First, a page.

This may sound so obvious but sometimes, people just overlook them and trouble occurs. Believe me, I have tons of stories about this and even the best drivers are not spared…
Tires are the ultimate link between the car and the track so it's never a waste of time checking that everything is fine with them: cleanliness, wheel shape, glueing both inside and outside especially after a crash (either light or strong).
Here are my tips:
Specifically on carpet, and since it's not a common surface in Australia, I can't recommend enough to "use and abuse" any electronic assistance provided by the transmitter.
ETS drivers on carpet quite often limit their dual-rate or steering EPA, turn on the steering exponential (up to -20%) and even reduce the steering servo speed to make the car as easy to drive as possible.
Carpet surface is so demanding and generates so much traction, it usually gets the car very sharp and then ultra sensitive. So it is crucial that the car is perfectly dialled.
Tires get better and smoother over time on carpet (opposite to on asphalt where they degrade over runs), so don't hesitate to use your racing tires as soon as possible to get rid to the shiny surface and the moulding split line. Like on asphalt, Pro drivers use a low blade cutter plier to remove the biggest part of the split line and finish the job gently on the tire truer with a very thin diamond file to remove totally the split line.
You can start with an asphalt high grip set-up BUT, the only exception is to try to get a very gentle Ackerman reaction. This is a must on carpet.
RCF1: No rules on traction compound have currently been published for Round 2 of AOC. Do you have a recommendation for the best traction additive to use with R1's on carpet and the best way to apply it?
In the USA, people use "Jack the Gripper" (IIC) while ETS drivers mostly use CS "high Grip", sometimes Mighty or LRP Top Carpet-2.
Usually, tire additive is to be applied on the rear tires first and on the front ones about 5 to 10 minutes later because of the risk of traction roll. Full surface on the rear, and none or less than 50% "inside" on the front is a good place to start to learn the layout.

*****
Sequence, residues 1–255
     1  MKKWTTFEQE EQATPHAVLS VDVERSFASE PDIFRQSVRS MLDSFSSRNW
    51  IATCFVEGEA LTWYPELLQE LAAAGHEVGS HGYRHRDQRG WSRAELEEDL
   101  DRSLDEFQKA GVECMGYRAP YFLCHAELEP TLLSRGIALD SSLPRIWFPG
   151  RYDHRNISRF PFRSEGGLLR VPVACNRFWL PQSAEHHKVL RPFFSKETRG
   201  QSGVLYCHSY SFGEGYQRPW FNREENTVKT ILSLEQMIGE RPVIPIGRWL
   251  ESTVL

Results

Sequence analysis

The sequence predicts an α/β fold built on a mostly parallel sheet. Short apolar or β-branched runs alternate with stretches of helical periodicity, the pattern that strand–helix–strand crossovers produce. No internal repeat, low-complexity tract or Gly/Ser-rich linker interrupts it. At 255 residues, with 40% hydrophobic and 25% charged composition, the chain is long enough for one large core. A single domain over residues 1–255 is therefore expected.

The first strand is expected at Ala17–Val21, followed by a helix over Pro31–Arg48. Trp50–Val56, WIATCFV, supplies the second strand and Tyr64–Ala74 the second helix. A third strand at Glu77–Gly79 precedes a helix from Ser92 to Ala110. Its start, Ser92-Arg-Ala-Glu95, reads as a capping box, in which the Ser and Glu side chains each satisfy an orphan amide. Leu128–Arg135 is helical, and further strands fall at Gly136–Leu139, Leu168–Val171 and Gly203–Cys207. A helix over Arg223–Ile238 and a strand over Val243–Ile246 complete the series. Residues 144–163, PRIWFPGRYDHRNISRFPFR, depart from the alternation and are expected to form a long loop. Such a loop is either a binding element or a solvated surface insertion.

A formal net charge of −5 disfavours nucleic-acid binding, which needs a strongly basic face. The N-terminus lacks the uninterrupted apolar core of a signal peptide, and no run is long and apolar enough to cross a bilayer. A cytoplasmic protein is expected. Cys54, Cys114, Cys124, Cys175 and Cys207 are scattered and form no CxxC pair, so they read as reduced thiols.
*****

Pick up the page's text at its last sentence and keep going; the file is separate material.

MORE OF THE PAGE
Enlarge the surface of application and play with the time of application on the front according to your liking.
I nearly forgot, before putting the car on the carpet, the tires MUST BE TOTALLY DRY: 2 minutes before the run, dry up any excess additive and use some good quality kitchen tissue to get a proper result. Wet tires will get dry at some point but during the first few laps, the car will be undrivable.
After the run, clean up thoroughly the tires with traditional brake cleaner.
One more thing: Try to keep to the racing lines at all time. If you get off the racing line for too long, the tires may "pick up" (commonly used term) or collect the sticky mix of carpet hair, additive residue and tire thin dust that accumulate run after run. This will make the car very difficult to drive for a couple of laps, so it's wise to drive consistent, safe and clean.
RCF1: How about traction additive recommendations for R1's on asphalt?
For asphalt, it can be really down to the track itself and the time of the day you happen to run at. Most of the time here in Thailand, we use an LRP additive named: "Top carpet-2" (p/n 65011) with great results even if it's originally designed for carpet. All the Mighty Grip V2 and latest V3 also work fine.
RCF1: Our view is that Ride R1 tyres give excellent rear grip on asphalt but exhibit understeer. Do you have any plans to bring out a softer compound front tyre in the future or can you recommend one of your other existing compounds that your testing has shown work well on the front with R1's in the rear?